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Friday, 4 October, 2002, 09:32 GMT 10:32 UK
Nairobi slum life: Into Kibera
I am sitting on a narrow bench, squashed between a postman called Akhmed, who's already snoring, and two schoolboys - Harrison and John - who are busy elbowing each other and pretending to look at a battered old maths book.
It's 4:45 on a Friday evening, and any second now, the train we're on is going to lurch out of Nairobi station, pass under Uhuru Highway, slip through the cutting next to the golf course, and struggle up the hill towards the biggest, poorest slum in Africa. A place called Kibera.
The schoolboys look smart in their bright white shirts and grey shorts.
Harrison says his dad works as a messenger at Barclay's Plaza. Not a great job, but enough to pay, most terms, for Harrison's school fees and enough to rent the family a wooden shack in the slum, with a mud floor, and a tin roof - but no loo, or running water.
The train gives a gasping whistle - and moves out of the station. Only to squeal to a halt, a minute later, in what looks like a patch of waste ground.
Another ten people clamber up into our crowded carriage. An earnest young man in a red cap decides there's room on the bench between me and the postman.
For a while, we all sit and stare through the open window due south towards Nairobi's National Park. A small plane - probably full of foreign tourists - comes in to land at Wilson airport.
Behind us, three women are crocheting - standing in tiny circle - their bags piled up on the floor between them.
The man in the cap is called Julius Mzembe. He's an assistant at a wholesale shop in the city centre. He works from nine to five, six days a week, and takes home just under $75 a month to his wife and two daughters.
That's about ten pence or 15 US cents. Tomorrow is a working day - Sunday is for church and chores.
Julius smiles politely, but he's in a bad mood. The government has just raised the price of a loaf of bread by four precious shillings.
Suddenly, the light changes and we both look out of the window as the train emerges from a dark cutting. We're in the slum.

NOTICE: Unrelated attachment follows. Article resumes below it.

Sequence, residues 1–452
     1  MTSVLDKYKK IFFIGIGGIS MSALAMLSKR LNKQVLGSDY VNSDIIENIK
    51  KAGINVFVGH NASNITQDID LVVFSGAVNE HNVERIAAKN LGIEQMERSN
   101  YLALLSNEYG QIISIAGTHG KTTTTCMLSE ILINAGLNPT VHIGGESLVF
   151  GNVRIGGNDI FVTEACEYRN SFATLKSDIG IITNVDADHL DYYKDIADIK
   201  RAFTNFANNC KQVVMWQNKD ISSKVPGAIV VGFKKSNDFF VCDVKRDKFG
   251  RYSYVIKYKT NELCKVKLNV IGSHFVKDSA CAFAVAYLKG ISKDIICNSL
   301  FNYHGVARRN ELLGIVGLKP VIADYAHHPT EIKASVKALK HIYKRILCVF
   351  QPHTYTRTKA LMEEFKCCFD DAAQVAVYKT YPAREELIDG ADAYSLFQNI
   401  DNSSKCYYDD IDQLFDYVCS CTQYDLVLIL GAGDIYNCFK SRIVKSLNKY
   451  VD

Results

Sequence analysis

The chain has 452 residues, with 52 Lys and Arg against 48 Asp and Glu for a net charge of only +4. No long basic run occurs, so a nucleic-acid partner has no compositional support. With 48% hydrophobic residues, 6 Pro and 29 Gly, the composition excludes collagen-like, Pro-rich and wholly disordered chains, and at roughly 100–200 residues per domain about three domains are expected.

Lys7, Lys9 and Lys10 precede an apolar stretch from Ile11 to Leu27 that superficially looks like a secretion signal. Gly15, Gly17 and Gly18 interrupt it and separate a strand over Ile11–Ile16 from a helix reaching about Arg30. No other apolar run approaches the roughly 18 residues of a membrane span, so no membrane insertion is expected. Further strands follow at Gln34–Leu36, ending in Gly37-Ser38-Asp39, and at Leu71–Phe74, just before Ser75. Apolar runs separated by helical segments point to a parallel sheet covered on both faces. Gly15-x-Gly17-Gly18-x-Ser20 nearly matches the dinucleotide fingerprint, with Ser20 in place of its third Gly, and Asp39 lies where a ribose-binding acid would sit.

"Home," says Julius without looking at me.
The smells leaps into the carriage. Wood fires, fried fish, excrement, rubbish - the rich stench of 800,000 people living in a ditch.
Which is, basically, what the Kibera slum is. Six hundred acres of mud and filth, with a brown stream dribbling through the middle.
You won't find it on your tourist map - or any other map. It's a squatters camp - an illegal, forgotten city - and at least one third of Nairobi lives here.
The train stops again. Akhmed wakes up. He, Julius and the schoolboys all say goodbye and head for the door. I stay on. I've arranged to meet someone at the next stop.
By now the light is fading into a hazy, blue glow. From the train track at the top edge of the slum, thousands of corrugated roofs look like the dull brown scales of a giant snake.
I climb down onto a muddy slope, and start to follow the crowds, hopping over the puddles - the ground is littered with thousands upon thousands of tattered plastic bags.
He's a tall, confident 25 year old in a tracksuit and almost impossibly clean sneakers. He's lived here all his life, and has agreed to show me round.
First we have to get through the crowd of laughing children who are grabbing my hands and shouting "Howareyou? Howareyou?!"
"Tssst," says John sternly - trying to clear a path through them, and still keep his sneakers clean.
"We don't get many white faces here - especially not in the evenings. It can get dangerous - please stick close to me."
We set off into the darkening maze. Rap music thumps out from a row of wooden shacks - two barbers shops, a carpenter, and a dark room with a television flickering inside and sign saying hotel on the door.
We duck under a clothes line and down a steep alley - barely three foot across - with a stinking ditch running through the middle.
Five minutes later, we're sitting in a tiny, mud-walled bar. It's empty.
"Corner of the month," John explains. "That's the third Friday - when no-one has any money left. Next weekend - after payday - things go crazy here - everyone gets drunk - the muggers have a field-day."
Behind the bar, a fading official portrait of President Daniel arap Moi stares down at us. John drinks his beer, and explains the ground rules of Kibera.
This place is like an island - it's not really part of Kenya at all. The state does nothing here. It provides no water, no schools, no sanitation, no roads, no hospitals.
And why should it bother? As I said, this is an illegal squatters camp.
Kibera's water is piped in by private dealers, who lay their own hosepipes in the mud, and charge double what people pay for the same service outside the slum.
The security comes from vigilante groups - who, for a price, will track down thieves and debtors.
Usually, the Nairobi police are too scared to come here. But if they do, they're just looking for bribes.
And as for the sanitation.... John smiles.
"You remember all those plastic bags you were talking about. Well they're called flying toilets. At night, when it's too dangerous to leave your home, some people do their business in bags, and fling them out the door."
John's friend, Isaac turns up. They're both footballers, working as coaches for a charity organisation that teaches the game to young kids.
"The hard part is finding a pitch," Isaac complains.
"We've only got one left for the whole slum. Landlords bribe the local chiefs to let them build shacks on them instead."
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